“They need to be flexible about intellectual property arrangements. They need to be flexible about PhD students who might want to spend time in a world-leading industry AI lab. That’s what we need to get around the problems. The universities that have been flexible have benefited,” he said.

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Summary of “A Pill to Make Exercise Obsolete”

Evans refers to the compound as “Exercise in a pill.” But although Evans understands the mechanism behind 516’s effects at the most minute level, he doesn’t know what molecule triggers that process naturally during exercise.
One of the most significant challenges facing anyone who wants to develop an exercise pill is that the biological processes unleashed by physical activity are still relatively mysterious.
Tavassoli came across his drug, Compound 14, more or less by chance, while designing a way to screen a new class of cancer drug, and he still seems somewhat bemused by the fact that his lab is now a front-runner in the race to develop an exercise pill.
For anyone wanting to develop an exercise pill, these new data are both promising and daunting.
Anyone who wants to market an exercise pill must therefore get it approved as a treatment for a disease that does meet the F.D.A.’s criteria, in the hope that, once it is on the market, its use will spread to encompass a wider range of conditions.
There are a handful of other contexts where a short course of an exercise pill could be extremely useful.
A taste for exercise, I gradually realized, was something that all the pill researchers had in common.
“In a lot of people’s eyes, the development of an exercise pill is a bad thing,” Evans said.

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Summary of “To stay young, kill zombie cells”

Although many cells do die on their own, all somatic cells that divide have the ability to undergo senescence.
“We were not sure if they were doing something important.” Despite self-disabling the ability to replicate, senescent cells stay metabolically active, often continuing to perform basic cellular functions.
Senescent cells have also been identified in the placenta and embryo, where they seem to guide the formation of temporary structures before being cleared out by other cells.
In 2008, three research groups, including Campisi’s at the Buck Institute for Research on Aging in Novato, California, revealed that senescent cells excrete a glut of molecules – including cytokines, growth factors and proteases – that affect the function of nearby cells and incite local inflammation7, 8, 9.
There’s a silver lining to these elusive twilight cells: they might be hard to find, but they’re easy to kill.
In November 2011, while on a three-hour flight, David read van Deursen and Kirkland’s just-published paper about eliminating zombie cells.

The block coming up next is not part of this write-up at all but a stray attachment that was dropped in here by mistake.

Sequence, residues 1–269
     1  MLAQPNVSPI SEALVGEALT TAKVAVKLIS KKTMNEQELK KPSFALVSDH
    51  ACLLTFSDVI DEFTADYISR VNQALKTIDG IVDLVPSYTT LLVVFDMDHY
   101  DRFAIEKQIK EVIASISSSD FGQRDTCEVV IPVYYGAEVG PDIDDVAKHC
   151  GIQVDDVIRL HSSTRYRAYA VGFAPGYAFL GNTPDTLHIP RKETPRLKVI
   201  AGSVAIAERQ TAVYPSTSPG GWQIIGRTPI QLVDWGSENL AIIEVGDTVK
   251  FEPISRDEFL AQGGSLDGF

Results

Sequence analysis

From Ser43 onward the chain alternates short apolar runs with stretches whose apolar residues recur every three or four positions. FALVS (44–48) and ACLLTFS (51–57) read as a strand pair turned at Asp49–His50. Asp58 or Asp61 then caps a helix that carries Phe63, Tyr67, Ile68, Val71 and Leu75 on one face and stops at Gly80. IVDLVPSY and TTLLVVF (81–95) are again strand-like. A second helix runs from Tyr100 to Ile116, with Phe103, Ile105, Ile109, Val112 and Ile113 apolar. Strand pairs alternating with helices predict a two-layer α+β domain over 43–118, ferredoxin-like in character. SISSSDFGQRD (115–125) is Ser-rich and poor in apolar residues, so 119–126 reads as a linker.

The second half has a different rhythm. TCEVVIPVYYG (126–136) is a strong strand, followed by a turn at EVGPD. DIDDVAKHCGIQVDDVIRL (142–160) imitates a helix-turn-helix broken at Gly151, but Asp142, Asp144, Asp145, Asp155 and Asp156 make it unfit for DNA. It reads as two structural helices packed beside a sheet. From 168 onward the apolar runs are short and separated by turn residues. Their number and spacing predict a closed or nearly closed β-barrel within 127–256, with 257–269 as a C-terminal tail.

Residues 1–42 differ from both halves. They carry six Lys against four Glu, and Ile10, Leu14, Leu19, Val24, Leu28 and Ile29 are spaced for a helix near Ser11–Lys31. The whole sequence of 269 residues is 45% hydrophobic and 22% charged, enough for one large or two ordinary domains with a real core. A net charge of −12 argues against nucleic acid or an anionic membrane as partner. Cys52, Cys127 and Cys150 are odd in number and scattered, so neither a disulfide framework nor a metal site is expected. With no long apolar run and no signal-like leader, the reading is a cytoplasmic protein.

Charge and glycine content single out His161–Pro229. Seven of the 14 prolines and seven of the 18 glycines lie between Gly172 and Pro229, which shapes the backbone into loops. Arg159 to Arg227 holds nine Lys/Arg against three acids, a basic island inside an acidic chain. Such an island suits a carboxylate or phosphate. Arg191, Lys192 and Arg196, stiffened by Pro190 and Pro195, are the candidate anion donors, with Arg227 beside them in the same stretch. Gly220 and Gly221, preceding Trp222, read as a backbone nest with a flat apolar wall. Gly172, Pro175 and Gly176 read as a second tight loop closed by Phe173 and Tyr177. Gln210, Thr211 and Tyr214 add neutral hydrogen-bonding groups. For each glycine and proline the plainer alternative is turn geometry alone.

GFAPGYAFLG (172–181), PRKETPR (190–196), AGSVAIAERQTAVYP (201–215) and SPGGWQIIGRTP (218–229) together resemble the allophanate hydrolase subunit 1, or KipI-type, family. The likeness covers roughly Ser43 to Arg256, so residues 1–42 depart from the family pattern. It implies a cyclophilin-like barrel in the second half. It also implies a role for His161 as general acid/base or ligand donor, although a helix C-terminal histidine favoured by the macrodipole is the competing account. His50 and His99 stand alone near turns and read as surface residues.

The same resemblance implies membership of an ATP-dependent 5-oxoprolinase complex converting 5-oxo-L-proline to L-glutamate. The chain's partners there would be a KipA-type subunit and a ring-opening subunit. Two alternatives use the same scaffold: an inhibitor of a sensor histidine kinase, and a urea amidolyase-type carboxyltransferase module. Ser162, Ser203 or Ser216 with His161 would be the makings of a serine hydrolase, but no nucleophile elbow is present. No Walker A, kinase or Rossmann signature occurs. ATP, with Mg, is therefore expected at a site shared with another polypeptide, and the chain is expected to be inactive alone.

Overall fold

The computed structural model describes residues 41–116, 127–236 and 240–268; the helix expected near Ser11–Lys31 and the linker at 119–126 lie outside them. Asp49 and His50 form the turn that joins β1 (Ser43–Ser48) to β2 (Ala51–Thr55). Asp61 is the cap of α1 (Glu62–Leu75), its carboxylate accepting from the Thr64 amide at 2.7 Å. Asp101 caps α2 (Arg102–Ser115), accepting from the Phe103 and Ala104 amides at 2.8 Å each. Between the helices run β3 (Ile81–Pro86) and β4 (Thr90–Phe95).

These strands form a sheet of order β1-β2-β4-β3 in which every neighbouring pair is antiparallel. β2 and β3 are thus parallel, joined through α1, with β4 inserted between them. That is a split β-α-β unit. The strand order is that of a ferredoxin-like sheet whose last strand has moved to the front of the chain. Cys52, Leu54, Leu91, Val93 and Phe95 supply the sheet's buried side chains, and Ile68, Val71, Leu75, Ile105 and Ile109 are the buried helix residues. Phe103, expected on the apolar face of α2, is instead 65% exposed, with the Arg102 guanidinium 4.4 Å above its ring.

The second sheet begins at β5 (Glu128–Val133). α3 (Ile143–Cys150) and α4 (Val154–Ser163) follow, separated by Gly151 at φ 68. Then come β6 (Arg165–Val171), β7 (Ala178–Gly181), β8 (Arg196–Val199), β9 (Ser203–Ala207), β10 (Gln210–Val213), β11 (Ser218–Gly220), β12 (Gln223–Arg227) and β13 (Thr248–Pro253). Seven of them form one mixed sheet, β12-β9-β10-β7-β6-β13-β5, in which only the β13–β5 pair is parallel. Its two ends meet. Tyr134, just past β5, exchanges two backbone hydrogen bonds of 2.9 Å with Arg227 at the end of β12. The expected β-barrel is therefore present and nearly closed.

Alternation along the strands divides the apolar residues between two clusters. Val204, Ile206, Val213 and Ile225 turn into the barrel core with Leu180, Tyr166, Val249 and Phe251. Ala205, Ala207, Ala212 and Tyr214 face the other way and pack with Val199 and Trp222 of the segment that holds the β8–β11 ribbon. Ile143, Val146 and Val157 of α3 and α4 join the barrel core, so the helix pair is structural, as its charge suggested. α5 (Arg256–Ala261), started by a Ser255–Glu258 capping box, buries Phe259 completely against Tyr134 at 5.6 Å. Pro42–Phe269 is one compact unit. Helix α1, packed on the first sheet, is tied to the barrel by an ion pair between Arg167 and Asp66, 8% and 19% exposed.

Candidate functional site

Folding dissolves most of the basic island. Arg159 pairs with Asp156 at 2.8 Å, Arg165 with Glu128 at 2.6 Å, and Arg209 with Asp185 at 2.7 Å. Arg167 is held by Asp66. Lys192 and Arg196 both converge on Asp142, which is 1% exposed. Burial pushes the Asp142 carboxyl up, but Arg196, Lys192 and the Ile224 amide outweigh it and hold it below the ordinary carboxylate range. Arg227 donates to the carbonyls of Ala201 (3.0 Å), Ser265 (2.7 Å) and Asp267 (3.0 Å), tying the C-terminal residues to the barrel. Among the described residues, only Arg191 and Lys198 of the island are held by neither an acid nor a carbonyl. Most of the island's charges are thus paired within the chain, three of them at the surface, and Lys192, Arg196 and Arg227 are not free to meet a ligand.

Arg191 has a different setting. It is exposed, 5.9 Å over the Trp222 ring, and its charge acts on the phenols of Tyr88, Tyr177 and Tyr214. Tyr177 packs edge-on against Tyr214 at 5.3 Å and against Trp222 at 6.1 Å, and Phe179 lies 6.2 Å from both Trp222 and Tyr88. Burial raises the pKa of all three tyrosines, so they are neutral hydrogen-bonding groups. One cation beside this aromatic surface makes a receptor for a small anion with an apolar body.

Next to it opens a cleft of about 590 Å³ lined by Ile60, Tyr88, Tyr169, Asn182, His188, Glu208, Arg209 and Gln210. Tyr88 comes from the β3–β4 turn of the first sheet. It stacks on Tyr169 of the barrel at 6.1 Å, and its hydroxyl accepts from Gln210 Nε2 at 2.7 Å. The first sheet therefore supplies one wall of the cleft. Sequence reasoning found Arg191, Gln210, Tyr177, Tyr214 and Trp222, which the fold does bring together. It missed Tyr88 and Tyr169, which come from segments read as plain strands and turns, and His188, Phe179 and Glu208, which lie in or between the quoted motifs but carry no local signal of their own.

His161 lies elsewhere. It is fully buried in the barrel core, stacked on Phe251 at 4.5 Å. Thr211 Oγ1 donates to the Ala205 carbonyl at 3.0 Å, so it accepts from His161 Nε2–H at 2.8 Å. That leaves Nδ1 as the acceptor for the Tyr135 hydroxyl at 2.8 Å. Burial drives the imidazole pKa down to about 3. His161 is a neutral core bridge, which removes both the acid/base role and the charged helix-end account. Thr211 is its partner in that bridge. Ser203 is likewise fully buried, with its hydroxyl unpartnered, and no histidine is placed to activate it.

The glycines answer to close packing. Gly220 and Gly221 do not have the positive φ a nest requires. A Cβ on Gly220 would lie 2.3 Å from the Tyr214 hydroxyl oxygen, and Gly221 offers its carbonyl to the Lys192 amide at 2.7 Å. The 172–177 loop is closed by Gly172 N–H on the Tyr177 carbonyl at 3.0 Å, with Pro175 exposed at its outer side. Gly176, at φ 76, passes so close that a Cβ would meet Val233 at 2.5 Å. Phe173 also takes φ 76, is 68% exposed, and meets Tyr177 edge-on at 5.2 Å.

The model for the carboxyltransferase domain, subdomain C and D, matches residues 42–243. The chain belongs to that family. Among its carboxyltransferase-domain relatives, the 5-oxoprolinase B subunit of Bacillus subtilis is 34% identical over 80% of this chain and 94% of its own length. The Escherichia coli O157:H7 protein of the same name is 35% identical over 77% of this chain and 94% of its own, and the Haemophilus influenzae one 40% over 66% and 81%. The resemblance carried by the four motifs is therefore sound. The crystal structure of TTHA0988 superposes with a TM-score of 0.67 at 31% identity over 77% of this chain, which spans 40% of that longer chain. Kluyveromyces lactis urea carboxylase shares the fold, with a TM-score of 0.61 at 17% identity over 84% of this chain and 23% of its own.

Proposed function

Kirkland, together with collaborators at the Sanford Burnham Medical Research Institute in La Jolla, California, initially attempted a high-throughput screen to quickly identify a compound that would kill senescent cells.
Finally, senolytic drugs will clear only senescent cells that are already present – they won’t prevent the formation of such cells in the future, which means that senescence can continue to perform its original tumour-suppressing role in the body.

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Summary of “This New Study Shows That People Who ‘Think Backwards’ Are More Successful”

If you’re like most people, your brain will start firing on all cylinders at this point, formulating a plan of what you’re going to say, what materials or supporting research you can bring, and how you’re going to present yourself in the best, more professional way possible.
It might seem like an arbitrary question, but according to new research from the Korea University Business School, how you choose to plan your path to success can have a major impact on the outcome.
Backward planning leads to higher levels of success The researchers ran a series of studies asking participants to plan for an important event or goal, like the meeting with their boss or launching their new company.
In one study, they asked students to create a study plan for a final exam in either chronological or reverse order.
They compared the students’ results against their planning method and found those who planned backwards performed better than those who planned forward.
Backward planning keeps the final goal always in sight The researchers attributed these results to the fact that when we’re told to start at our goal, it makes it feel more attainable and closer to coming true.
They also found that people perceived they had a clearer set of steps to hitting their goal when planning backwards and felt more confident in the choices they were making.
Using backward planning in your own life So how does this apply to our original scenario: the big boss meeting?